A trailblazer both on and off the field, Diana Edulji has been inducted into the ICC Cricket Hall of Fame.
With a playing career that spanned over three different decades and produced many highlights as a player and captain of India, Edulji made a similar impact off the field in her role with the Western Railways.
Taking on the boys in Mumbai
Edulji was talented in many sports growing up, but enjoyed the challenge of taking on the boys in Badhwar Park, where her father, an officer in Western Railway, had been allotted quarters.
Cricket wasn't much of a thing for women in India when Edulji was young, but those games against the boys in Badhawar Park led her to join the Albies in 1971, the first club for female cricketers in Mumbai, named after founder Mrs Alu Bamjee.
The Women’s Cricket Association of India (WCAI) was formed later in 1974 and Edulji rose through the ranks and was a key member of India's first official Test match against the West Indies two years later in 1976.
A pioneer on the field
India hosted the West Indies for a six-match Test series on home soil and Edulji's 17 wickets - the second most for any player - for the series saw the scoreline finish tied at 1-1 with four matches drawn.
By 1978 Edulji was captaining India and when she retired in the early 1990s she held the honour - and still does to this day - as having delivered the most deliveries by any woman in the history of Test cricket and only two woman have taken more wickets than her.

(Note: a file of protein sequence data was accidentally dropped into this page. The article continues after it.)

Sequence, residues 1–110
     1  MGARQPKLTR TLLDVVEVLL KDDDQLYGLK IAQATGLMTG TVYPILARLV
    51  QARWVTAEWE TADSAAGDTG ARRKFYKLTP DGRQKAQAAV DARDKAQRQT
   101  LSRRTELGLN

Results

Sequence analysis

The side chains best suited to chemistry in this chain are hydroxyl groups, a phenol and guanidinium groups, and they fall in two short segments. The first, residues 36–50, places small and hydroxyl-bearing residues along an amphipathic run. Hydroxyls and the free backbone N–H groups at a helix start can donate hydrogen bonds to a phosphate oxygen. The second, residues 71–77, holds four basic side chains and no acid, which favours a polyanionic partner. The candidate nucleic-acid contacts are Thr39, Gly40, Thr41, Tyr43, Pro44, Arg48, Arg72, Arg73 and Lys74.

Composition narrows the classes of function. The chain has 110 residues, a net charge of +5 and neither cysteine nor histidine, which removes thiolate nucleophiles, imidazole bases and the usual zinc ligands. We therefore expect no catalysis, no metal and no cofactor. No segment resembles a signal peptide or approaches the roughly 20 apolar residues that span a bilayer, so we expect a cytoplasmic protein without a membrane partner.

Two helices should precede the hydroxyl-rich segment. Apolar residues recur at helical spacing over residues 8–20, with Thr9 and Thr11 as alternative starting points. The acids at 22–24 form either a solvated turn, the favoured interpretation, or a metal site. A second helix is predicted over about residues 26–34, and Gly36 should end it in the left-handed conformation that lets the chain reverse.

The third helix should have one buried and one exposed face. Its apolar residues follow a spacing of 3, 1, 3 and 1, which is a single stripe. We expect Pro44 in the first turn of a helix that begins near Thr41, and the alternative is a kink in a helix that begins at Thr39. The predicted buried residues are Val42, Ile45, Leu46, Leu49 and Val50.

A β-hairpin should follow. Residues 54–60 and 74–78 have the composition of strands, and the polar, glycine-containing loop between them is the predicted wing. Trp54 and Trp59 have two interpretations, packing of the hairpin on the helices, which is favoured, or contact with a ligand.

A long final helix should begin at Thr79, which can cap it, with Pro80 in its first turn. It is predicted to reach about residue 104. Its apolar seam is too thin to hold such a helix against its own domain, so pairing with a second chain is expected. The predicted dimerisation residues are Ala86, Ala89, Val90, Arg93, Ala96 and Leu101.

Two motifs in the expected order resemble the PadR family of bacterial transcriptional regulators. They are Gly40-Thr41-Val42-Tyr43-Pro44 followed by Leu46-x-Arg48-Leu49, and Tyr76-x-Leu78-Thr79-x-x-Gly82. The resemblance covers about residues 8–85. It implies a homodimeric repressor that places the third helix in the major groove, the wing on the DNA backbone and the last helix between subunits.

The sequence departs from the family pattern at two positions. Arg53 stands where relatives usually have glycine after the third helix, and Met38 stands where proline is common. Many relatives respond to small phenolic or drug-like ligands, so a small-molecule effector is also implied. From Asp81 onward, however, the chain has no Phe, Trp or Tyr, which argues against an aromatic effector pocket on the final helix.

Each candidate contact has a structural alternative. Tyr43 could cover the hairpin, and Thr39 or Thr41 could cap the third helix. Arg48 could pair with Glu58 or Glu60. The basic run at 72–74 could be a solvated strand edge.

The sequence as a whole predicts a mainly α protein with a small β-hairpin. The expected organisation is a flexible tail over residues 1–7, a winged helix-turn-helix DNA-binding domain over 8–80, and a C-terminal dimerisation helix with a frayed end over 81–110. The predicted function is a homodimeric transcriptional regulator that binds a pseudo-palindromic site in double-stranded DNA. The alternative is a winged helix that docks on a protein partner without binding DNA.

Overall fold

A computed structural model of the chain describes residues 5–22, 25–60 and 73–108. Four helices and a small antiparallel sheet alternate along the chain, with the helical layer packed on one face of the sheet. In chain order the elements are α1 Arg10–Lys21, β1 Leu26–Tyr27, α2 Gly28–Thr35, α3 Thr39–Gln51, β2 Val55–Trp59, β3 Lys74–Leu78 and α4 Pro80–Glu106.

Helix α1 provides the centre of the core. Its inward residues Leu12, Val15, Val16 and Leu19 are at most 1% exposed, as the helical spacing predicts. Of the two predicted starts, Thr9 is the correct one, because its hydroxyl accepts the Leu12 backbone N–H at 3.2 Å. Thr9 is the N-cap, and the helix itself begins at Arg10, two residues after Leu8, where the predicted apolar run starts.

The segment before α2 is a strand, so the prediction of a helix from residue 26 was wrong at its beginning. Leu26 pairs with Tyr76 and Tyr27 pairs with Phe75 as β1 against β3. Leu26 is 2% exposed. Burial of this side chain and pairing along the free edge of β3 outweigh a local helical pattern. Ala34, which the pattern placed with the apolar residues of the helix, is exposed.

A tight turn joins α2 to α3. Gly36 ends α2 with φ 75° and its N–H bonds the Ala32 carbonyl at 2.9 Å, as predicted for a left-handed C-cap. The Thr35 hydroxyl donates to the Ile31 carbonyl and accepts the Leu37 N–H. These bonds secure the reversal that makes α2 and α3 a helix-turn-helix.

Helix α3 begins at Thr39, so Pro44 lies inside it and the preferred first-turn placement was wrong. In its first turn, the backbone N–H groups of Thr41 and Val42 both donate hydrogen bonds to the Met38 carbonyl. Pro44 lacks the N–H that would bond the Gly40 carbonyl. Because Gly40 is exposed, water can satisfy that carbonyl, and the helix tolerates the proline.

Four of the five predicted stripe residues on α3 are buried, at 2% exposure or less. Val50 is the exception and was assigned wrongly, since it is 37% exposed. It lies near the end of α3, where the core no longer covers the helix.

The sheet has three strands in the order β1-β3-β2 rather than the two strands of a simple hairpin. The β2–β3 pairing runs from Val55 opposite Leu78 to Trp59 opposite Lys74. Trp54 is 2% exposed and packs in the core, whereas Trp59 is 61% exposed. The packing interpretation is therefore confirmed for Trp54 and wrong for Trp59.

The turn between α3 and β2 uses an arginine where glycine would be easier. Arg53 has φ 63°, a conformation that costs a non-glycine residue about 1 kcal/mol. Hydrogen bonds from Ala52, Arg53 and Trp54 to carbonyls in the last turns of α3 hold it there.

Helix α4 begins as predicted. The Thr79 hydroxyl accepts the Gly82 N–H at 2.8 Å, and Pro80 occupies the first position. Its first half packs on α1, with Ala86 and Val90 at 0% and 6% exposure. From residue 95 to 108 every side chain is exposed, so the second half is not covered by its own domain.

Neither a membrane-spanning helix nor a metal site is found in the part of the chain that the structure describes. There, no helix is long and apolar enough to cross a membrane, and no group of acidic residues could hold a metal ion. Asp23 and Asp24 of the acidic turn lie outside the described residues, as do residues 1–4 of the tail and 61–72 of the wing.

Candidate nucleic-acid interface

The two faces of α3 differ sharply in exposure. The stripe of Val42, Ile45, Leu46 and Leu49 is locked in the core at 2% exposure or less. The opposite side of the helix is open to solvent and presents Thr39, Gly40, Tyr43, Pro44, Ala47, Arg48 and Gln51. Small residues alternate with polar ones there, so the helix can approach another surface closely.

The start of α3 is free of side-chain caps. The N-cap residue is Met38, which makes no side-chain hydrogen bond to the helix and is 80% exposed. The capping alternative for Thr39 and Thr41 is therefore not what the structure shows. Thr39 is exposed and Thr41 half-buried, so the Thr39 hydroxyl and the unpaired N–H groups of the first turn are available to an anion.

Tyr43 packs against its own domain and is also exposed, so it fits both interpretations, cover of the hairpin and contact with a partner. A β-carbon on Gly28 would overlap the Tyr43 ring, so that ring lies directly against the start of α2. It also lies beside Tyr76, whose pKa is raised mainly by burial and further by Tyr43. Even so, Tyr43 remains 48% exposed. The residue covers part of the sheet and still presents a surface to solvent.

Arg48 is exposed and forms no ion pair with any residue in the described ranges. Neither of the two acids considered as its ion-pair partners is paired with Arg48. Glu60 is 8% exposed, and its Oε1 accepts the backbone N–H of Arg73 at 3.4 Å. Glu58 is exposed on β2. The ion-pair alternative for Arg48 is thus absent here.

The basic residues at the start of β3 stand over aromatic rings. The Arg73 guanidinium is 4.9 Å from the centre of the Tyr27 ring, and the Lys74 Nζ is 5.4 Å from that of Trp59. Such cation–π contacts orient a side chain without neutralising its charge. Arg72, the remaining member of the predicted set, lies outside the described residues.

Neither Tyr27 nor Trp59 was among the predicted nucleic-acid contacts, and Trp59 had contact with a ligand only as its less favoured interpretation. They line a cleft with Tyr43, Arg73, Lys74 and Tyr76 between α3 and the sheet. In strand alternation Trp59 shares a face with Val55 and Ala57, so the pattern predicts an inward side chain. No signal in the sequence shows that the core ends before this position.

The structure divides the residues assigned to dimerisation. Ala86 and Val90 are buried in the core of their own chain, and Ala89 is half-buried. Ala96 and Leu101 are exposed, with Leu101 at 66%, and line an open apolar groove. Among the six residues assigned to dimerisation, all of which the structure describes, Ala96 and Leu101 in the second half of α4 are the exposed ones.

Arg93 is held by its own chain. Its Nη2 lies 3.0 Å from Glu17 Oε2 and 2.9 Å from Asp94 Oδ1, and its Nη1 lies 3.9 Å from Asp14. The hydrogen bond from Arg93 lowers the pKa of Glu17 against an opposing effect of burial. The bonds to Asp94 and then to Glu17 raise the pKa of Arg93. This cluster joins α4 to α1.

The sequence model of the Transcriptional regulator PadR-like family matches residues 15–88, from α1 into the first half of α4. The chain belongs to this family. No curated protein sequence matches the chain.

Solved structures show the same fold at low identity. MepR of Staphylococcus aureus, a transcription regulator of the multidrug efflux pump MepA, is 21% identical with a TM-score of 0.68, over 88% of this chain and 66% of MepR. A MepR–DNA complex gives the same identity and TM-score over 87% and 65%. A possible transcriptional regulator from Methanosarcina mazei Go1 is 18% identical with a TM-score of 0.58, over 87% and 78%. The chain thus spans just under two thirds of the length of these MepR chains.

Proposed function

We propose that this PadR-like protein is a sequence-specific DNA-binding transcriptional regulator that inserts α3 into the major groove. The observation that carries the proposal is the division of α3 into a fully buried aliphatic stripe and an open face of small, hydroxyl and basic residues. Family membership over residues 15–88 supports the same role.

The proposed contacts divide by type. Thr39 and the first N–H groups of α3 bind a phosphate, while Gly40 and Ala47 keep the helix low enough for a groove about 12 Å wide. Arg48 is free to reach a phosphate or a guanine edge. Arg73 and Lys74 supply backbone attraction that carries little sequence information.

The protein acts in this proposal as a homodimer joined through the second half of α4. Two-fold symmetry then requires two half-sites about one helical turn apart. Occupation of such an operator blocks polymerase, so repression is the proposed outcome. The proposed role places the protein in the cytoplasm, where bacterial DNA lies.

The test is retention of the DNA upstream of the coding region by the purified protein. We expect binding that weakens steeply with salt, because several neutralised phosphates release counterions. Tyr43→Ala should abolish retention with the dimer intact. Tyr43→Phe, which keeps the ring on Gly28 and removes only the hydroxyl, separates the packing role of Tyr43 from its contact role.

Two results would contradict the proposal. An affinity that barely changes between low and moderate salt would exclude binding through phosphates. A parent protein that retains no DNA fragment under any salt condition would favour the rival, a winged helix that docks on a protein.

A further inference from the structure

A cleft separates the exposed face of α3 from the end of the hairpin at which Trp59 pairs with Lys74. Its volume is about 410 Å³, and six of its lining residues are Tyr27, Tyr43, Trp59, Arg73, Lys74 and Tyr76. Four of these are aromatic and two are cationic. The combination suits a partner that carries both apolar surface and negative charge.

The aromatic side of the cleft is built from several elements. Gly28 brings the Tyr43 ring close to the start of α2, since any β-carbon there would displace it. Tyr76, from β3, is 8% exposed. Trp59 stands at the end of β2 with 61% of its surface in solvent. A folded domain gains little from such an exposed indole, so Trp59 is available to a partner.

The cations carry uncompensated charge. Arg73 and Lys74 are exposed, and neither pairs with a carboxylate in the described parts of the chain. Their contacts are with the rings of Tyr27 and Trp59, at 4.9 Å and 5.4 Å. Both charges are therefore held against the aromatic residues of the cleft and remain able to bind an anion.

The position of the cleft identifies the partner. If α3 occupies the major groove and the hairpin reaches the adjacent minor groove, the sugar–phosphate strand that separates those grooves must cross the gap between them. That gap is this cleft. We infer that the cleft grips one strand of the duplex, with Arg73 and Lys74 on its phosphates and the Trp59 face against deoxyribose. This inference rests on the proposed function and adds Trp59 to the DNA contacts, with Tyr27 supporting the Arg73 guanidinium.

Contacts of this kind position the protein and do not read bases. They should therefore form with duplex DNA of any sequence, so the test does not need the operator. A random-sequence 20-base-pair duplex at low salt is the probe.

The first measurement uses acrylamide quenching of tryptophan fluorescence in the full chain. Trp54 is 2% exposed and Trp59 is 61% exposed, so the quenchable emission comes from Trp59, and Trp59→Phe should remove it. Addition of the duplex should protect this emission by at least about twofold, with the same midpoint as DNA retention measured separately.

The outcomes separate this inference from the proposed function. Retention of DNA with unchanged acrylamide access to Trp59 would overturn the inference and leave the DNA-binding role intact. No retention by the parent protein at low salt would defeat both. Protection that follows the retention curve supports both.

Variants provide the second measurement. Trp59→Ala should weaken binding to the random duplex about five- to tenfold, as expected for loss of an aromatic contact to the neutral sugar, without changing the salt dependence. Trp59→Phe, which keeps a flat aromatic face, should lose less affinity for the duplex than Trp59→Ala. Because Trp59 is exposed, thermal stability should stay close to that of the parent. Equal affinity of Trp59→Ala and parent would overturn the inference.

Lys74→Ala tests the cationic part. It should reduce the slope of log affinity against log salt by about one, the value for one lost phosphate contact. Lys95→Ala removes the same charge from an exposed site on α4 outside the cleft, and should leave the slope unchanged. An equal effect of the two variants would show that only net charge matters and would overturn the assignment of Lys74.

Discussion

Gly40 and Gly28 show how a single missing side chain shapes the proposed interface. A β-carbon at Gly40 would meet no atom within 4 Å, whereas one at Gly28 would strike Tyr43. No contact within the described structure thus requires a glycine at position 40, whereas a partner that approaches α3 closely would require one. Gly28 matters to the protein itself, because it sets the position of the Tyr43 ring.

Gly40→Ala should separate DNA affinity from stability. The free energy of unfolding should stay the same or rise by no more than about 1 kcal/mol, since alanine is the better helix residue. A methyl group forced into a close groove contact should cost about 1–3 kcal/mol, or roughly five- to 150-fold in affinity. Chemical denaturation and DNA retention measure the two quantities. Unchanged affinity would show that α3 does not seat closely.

Edulji was also a standout at three ICC Women's Cricket World Cups for India, with the left-armer captaining her country at two of those events and finishing tied for third for most wickets (14) at her final edition in England in 1993.
Legacy lives on in India’s current squad
If Edulji's playing career was impressive, then her off-field exploits at least matched that as she claimed a host of awards and played a major role as an administrator.
In 1983 Edulji received India's then greatest sports honour award, the Arjuna Award and then in 2002 was awarded the civilian honour of Padma Shri.
Edulji thrived in her administrator role with Western Railways for much of this century, working hard for equal rights for India's female cricketers before retiring from the position at the start of 2016.
But her legacy continues to be apparent in women's cricket in India, with 12 players from their most recent ICC Women's Cricket World Cup squad having had an affiliation with the Railways and much of that is due in part to the work of Edulji.